On February 20, 2017, the Governor of Virginia signed legislation into law that will require the Virginia Department of Taxation to administer a tax amnesty program. The legislation, House Bill 2246, requires the program to take place sometime between July 1, 2017 and June 30, 2018, for a period of 60-75 days. This amnesty program is Virginia’s first since 2009.
Participating taxpayers with unpaid tax liabilities due to Virginia will receive a waiver of all civil or criminal penalties and one-half of the interest due in exchange for payment of the outstanding tax liability. The program is available to taxpayers with liabilities resulting from nonpayment, underpayment, non-reporting, or under-reporting of their tax liabilities. Any tax administered or collected by the Department is eligible for the program.
The amnesty program does have limitations related to tax periods and assessments that are eligible for amnesty. For income tax purposes, the program generally will not apply to any tax liability that is attributable to taxable years beginning on and after January 1, 2016. Further, a liability with respect to an outstanding assessment dated less than 90 days prior to the first day of the amnesty program is not eligible for the program. As with many state tax amnesty programs, a 20% post-amnesty penalty will be assessed against any taxpayer that does not participate in the program on any tax balance remaining after the amnesty program ends. The Department will issue additional details on the exact dates of the program and the participation procedures.
The amnesty program is separate from Virginia’s ongoing voluntary disclosure program, which is generally available to out-of-state non-registered business taxpayers with an outstanding Virginia tax liability. Any businesses considering coming forward to pay their Virginia tax liabilities should examine which program is more beneficial. One important distinction is that the voluntary disclosure program grants a waiver of all tax, penalties, and interest for periods older than a three-year look-back period. Thus, businesses with a tax exposure that is greater than three years may find the voluntary disclosure program more appealing despite it not offering the same level of penalty and interest waivers for the periods for which tax will be paid.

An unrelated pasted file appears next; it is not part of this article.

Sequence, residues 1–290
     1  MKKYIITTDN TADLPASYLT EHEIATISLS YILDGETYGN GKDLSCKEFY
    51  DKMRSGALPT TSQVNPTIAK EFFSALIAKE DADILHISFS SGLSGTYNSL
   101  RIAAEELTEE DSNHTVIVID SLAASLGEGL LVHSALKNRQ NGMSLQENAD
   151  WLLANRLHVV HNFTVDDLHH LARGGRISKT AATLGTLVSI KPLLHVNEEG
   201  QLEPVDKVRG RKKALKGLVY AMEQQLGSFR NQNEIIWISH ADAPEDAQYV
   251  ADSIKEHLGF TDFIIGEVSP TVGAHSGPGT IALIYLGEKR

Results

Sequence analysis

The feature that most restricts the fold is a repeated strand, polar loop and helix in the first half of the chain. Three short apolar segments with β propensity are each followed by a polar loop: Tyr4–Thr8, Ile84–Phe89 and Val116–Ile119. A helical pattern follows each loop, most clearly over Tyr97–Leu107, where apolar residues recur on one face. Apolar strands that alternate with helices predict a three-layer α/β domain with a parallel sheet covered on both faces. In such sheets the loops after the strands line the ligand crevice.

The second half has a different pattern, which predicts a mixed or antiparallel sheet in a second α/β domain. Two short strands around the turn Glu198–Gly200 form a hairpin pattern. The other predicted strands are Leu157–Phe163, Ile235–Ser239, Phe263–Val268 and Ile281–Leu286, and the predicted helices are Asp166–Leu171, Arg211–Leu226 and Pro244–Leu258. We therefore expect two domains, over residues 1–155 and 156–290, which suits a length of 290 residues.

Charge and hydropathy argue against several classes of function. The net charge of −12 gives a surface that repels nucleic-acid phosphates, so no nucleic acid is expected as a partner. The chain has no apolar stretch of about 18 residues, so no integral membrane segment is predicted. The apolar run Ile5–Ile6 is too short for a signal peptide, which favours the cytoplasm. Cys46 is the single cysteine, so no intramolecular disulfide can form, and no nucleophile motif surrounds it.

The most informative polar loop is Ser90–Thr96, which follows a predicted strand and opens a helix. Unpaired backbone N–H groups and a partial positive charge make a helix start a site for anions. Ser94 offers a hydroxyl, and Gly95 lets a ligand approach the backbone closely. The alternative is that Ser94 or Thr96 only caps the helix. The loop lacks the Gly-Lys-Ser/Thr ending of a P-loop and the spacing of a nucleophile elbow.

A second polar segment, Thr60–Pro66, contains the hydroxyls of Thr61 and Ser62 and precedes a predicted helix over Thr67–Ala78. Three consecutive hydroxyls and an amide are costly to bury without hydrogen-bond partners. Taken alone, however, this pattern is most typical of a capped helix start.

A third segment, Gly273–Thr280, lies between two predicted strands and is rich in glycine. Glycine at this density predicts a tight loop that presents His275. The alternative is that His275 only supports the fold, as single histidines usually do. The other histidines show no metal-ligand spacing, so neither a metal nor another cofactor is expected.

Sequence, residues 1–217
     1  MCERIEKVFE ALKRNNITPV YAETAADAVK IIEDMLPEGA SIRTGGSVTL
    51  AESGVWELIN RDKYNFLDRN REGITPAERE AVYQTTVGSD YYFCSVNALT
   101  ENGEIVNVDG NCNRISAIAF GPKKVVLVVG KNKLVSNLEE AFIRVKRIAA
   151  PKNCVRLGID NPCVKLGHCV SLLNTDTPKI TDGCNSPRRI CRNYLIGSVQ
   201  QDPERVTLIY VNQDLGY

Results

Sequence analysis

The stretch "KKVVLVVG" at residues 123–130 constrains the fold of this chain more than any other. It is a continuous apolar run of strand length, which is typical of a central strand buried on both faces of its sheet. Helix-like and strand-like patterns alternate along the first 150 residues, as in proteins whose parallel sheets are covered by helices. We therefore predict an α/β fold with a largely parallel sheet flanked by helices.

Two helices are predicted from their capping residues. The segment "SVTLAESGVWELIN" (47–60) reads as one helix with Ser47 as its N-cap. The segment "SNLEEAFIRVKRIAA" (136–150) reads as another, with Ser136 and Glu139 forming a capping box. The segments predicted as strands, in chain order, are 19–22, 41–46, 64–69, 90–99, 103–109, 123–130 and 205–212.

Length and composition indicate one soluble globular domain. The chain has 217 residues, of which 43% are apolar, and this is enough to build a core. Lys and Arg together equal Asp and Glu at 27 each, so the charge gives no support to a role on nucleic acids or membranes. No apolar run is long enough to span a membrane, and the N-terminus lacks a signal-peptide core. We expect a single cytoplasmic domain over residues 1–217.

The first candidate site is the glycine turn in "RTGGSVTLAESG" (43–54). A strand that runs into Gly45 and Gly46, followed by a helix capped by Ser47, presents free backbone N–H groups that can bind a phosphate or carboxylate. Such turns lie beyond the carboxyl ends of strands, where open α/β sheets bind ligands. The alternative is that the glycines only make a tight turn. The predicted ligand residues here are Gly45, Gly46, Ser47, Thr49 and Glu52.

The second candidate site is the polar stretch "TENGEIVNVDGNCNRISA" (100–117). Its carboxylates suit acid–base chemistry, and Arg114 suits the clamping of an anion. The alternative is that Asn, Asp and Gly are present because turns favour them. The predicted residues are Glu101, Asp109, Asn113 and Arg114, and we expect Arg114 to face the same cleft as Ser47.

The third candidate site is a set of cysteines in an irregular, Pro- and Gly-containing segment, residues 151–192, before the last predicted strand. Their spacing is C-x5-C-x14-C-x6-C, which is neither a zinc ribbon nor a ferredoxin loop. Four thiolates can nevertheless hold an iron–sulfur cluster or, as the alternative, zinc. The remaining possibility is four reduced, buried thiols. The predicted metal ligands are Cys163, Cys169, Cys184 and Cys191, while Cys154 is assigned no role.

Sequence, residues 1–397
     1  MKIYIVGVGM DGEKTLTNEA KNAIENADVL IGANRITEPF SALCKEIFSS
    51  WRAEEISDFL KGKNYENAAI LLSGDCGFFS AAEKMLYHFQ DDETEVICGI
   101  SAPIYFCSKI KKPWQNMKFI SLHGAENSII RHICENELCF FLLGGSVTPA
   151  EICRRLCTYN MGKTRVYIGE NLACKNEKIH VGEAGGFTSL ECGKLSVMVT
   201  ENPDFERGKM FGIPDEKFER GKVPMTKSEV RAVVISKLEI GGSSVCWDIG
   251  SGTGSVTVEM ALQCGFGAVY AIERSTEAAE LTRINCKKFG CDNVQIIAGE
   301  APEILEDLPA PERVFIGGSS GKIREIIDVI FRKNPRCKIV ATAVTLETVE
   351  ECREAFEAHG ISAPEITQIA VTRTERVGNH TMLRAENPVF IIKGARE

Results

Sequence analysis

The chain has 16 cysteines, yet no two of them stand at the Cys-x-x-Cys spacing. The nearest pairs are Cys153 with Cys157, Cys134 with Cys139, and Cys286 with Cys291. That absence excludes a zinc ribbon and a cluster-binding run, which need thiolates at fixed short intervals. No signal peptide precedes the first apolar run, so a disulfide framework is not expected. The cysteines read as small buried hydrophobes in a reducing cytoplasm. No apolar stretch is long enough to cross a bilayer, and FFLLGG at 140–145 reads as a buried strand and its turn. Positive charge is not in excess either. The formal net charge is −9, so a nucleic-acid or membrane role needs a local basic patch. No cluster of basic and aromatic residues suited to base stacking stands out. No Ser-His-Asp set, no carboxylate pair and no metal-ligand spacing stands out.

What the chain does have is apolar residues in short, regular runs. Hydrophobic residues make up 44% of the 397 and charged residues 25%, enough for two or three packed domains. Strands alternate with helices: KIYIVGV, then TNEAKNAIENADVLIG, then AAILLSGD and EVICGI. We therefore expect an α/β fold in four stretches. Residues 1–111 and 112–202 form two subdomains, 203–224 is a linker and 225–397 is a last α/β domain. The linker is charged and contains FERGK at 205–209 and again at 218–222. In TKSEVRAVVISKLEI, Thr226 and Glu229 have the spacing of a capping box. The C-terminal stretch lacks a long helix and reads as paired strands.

If you have any questions about Virginia’s amnesty program, please contact your Aronson tax advisor or Michael L. Colavito, Jr. at 301.231.6200.
While recent changes to the minimum wage have had a big impact on the restaurant and hotel industries, business owners should be aware that we expect to see another wave of increases over the next couple of years. Staying ahead of the curve and knowing when these changes are set to occur will greatly reduce the potential for headaches in the future.
The federal hourly minimum wage currently stands at $7.25 per hour and $2.13 per hour for tipped employees. There has been recent conversation about raising the federal minimum wage to $10.10 per hour in the near future, which would apply to both tipped and non-tipped employees. In regards to tipped employees, their base hourly wage and tips combined must equate to the federal minimum wage.
Below is a summary of where state minimum wages currently stand in the DC metropolitan area, as well as anticipated changes over the next several years:
District of Columbia
As minimum wages continue to climb, restaurant and hotel operators will need to take these changes into account and budget accordingly to minimize the financial impact. Labor is a major component of a restaurant or hotel’s “prime costs” that needs to be monitored on a regular basis.
Aronson can help you prepare for the business challenges ahead so that when the time comes, your business can withstand the changes and continue to thrive. For more information, call Aaron Boker of Aronson LLC’s hospitality industry practice at 240.364.2582.